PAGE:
I have re-written the query below. I added numbers as comments that refer to footnotes explaining my reasoning.
max( b.VISIT_DATE ) as latest_visit_date, -- 7, 8
max(case when b.VISIT_DATE between '2009-05-01' and '2010-04-30' -- 7
then 'Y' else 'N' end) as ACTIVITY_2yearsbefore,
max(case when b.VISIT_DATE between '2010-05-01' and '2011-04-30' -- 7
then 'Y' else 'N' end) as ACTIVITY_prevyear,
max(case when b.VISIT_DATE between '2011-05-01' and '2012-04-30' -- 7
then 'Y' else 'N' end) as ACTIVITY_currentyear
from -- 1
cast( a.VISIT_START_DTTM as date ) as VISIT_DATE
from CDW.VISIT as a
where -- 2
a.LOCATION_ID = 2 and
VISIT_DATE < date '2012-05-01' -- 3, 4, 5, 6
) as b
group by b.COOKIE_ID
1. Use a derived table to convert VISIT_START_DTTM to DATE format only once.
2. Put as many of the WHERE conditions inside the derived table as possible.
3. Use the alias name for the new date column wherever possible. This avoids the potential additonal, unnecessary re-casting of the same column and makes the query easier to read.
4. This might not be an issue with Teradata, but it is best practice for Oracle: Use a single comparison when possible rather than a combination, because a combo like "<=" forces the engine to re-write the whole query as "<" OR "=", which is like running 2 separate UNION queries.
5. Here, because the "=" was dropped, the date constant had to be adjusted by one day.
6. It's best practice to convert constants explicitly to the DATE data type.
7. After being converted from a DATETIME column to a DATE column once, it can be referred to by its alias name - again, avoids potential re-casting and makes the query easier to read.
8. The original query actually has the VISIT_START_DTTM treated in 2 different ways, and I'm not sure whether that was on purpose or by accident. The original 2nd column FIRST took the maximum DATETIME value and THEN took the MAX; all the remaining original columns FIRST cast from DATETIME to DATE and THEN perform the MAX aggregation. I re-wrote the query to deal with them all in the same way; if that doesn't accomplish what you want, feel free to re-write.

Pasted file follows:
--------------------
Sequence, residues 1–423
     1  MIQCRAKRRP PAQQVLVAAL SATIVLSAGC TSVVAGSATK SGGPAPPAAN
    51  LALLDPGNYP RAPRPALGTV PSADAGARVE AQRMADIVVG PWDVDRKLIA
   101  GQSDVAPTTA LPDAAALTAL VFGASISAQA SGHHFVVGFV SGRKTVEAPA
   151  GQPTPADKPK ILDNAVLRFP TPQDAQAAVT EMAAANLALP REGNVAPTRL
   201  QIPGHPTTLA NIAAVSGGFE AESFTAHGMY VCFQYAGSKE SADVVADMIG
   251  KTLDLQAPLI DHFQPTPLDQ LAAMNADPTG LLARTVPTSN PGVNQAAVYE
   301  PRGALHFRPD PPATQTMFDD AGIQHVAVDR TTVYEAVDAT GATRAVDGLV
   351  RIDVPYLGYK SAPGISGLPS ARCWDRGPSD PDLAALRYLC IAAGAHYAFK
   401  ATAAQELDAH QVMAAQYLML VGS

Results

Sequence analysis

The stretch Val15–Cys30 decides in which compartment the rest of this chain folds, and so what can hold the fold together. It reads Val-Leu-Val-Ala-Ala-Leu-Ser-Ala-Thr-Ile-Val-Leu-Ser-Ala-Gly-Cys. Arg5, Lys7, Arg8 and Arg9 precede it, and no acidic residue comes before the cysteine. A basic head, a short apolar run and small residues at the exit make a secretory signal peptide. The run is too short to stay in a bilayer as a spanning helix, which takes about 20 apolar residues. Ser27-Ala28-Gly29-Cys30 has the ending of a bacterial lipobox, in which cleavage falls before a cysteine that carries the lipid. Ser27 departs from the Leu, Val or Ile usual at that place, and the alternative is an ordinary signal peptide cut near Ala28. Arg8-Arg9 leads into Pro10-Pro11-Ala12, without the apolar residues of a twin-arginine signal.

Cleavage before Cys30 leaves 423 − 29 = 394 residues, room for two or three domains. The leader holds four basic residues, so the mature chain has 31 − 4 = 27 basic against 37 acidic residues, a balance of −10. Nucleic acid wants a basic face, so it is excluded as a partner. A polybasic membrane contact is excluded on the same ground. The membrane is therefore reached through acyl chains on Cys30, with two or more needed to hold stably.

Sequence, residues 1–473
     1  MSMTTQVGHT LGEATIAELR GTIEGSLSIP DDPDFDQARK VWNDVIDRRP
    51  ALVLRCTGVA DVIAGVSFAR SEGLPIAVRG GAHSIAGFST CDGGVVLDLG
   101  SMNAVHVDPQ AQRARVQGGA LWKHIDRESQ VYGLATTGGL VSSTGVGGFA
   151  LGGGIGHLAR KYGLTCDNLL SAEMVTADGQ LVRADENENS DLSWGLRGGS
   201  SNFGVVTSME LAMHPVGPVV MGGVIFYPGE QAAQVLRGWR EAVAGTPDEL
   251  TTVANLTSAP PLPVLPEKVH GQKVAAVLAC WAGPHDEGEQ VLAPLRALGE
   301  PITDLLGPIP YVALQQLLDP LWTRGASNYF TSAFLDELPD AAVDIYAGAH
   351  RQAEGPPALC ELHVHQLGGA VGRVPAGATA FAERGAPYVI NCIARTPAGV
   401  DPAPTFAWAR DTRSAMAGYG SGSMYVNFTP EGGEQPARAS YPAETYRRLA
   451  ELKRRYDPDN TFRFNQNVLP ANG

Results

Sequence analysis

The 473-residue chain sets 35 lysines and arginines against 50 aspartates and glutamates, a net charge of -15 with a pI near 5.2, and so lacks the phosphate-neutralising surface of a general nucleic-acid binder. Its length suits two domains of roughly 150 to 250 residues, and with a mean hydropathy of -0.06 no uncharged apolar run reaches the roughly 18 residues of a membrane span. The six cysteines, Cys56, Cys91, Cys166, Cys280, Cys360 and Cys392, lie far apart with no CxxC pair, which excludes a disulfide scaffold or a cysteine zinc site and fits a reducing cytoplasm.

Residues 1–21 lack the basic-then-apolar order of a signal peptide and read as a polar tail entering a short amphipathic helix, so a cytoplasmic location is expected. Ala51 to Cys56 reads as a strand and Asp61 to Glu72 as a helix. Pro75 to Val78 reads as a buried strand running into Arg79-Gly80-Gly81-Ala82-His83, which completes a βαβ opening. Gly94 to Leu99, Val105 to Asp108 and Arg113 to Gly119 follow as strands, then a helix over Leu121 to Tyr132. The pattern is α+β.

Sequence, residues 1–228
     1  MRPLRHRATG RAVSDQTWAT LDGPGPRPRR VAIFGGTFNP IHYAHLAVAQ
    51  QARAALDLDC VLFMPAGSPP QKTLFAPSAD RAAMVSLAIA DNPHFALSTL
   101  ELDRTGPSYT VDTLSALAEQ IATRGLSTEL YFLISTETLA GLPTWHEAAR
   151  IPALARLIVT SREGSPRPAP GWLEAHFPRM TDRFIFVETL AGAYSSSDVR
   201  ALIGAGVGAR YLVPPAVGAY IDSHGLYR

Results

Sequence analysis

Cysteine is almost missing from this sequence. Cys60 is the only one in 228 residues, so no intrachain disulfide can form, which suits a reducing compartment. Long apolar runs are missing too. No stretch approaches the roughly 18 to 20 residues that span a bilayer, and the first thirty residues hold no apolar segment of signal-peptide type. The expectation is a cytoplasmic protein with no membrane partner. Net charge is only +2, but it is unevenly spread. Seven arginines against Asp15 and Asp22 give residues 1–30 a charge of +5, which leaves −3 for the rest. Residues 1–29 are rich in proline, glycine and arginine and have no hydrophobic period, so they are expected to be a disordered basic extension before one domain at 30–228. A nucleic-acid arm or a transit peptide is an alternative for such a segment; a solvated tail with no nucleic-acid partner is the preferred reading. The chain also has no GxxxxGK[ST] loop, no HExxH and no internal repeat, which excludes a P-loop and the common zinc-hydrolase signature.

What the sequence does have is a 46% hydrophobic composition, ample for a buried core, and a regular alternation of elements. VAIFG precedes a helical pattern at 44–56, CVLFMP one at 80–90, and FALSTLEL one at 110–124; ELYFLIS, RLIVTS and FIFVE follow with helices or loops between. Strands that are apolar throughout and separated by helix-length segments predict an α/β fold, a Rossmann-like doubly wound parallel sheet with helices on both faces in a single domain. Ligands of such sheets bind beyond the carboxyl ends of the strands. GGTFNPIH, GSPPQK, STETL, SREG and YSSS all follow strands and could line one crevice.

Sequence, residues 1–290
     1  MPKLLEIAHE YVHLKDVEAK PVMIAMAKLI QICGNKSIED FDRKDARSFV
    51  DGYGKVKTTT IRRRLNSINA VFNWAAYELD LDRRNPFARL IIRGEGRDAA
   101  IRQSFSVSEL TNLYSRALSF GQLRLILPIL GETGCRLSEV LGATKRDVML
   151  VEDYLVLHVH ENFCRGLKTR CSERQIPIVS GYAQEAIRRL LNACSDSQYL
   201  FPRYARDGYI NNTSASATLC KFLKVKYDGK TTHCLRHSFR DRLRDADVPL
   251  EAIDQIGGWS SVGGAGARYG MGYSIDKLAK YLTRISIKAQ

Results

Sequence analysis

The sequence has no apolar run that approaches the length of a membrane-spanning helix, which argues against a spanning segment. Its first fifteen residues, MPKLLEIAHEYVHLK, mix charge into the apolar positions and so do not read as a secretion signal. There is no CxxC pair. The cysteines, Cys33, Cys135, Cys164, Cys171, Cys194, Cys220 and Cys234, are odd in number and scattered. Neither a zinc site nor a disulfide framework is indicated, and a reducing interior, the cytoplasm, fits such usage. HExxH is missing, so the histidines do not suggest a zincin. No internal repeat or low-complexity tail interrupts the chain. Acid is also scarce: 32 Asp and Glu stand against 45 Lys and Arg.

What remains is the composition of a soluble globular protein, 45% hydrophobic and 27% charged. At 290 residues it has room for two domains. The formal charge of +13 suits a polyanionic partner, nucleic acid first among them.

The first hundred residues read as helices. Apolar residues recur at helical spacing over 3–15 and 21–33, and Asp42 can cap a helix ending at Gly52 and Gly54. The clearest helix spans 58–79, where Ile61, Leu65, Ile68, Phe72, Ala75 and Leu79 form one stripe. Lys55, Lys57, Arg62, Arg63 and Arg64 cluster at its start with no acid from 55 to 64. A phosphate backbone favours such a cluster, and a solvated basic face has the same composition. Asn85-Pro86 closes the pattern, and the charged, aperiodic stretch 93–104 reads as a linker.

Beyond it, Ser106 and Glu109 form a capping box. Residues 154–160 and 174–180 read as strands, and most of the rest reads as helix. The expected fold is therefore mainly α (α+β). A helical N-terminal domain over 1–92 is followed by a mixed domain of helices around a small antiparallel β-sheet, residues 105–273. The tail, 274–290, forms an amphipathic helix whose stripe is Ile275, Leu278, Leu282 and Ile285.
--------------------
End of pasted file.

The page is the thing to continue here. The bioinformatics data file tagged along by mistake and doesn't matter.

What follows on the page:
Some remarks on the comments:
1. ok, but this only avoids cut&pasting the same calculation several times, it will not influence the optimizer. Unless you do a DITINCT/GROUP BY/OLAP within the DT the optimizer will remove it.
2. The optmizer will automatically push conditions into the Derived Table, again this should not change the plan
3. re-using the alias is only conveniant for the programmer, the resolver will replace it with the original calculation before it's passed to the optimizer
4. I doubt this is true in Oracle (maybe it was decades ago), it's definitely not true in TD, simply compare Explains
6. ok, but then you should do it within the CASEs, too :-)
And best pratice would be to completely avoid the cast to a date, as it's not needed at all (and as a side effect existing statistics will be usable again). Instead of casting the column change the literals, e.g.
VISIT_START_DTTM < TIMESTAMP '2012-05-01 00:00:00'
VISIT_START_DTTM < CAST(DATE '2012-05-01' AS TIMESTAMP)
The optimizer will treat both exactly the same.
I misstated #8. I should have written, "The original 2nd column was created by first taking a MAX then doing a CAST, while the other columns first did the CAST then took the MAX value."